Coronavirus Update:What patients and families need to know
Understanding your child's condition is an important step on your treatment journey. Learn more about causes, symptoms and diagnosis for a variety of conditions, as well as unique treatments and research being performed at Children's National.
Pityriasis rosea is a mild, but common, skin condition that is characterized by scaly, pink, inflamed skin. The condition can last from four to eight weeks but usually leaves no lasting marks.
There are three native American plants that collectively can be called poison ivy:Poison ivy, Poison oak, and Poison sumac
A port-wine stain is a flat, pink, red, or purple mark that appears at birth, often on the face, arms, and legs, and continues to grow as the child grows. Port-wine stains do not go away and often require treatment if located on the eyelid or forehead.
Scabies is an infestation of mites (tiny insects) characterized by small red bumps and intense itching.
Seborrheic dermatitis, also known as cradle cap, is characterized by fine white scales on the head and scalp.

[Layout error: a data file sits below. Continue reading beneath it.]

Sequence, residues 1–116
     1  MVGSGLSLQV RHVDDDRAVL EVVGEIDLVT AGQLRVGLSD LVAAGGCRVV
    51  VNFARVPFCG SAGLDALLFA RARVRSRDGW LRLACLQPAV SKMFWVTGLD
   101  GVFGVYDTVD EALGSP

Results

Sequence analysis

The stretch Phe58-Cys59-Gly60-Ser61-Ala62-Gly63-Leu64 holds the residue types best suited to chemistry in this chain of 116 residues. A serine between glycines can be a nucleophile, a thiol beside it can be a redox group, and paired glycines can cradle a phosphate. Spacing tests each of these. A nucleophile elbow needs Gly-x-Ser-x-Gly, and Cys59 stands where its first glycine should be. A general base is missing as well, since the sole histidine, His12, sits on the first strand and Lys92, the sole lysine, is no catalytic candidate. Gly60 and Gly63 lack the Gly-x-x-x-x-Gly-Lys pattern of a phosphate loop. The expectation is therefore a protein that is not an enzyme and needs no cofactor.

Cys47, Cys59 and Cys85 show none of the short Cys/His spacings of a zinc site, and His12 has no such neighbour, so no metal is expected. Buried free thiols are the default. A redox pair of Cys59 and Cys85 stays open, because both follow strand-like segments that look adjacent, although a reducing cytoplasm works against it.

Skin color is determined by pigment (melanin) made by specialized cells in the skin called melanocytes. The amount and type of melanin determines a person's skin color.
Sunburn is a visible reaction of the skin's exposure to ultraviolet (UV) radiation, the invisible rays that are part of sunlight.
Ticks are small insects that live in grass, bushes, wooded areas, and seashores. They attach their bodies onto a human or animal host and prefer hairy areas such as the scalp, behind the ear, in the armpit and groin, and also between fingers and toes.
Different fungi, depending on their location on a child's body, cause ringworm. Ringworm is characterized by ring-shaped red, scaly patches with clear centers.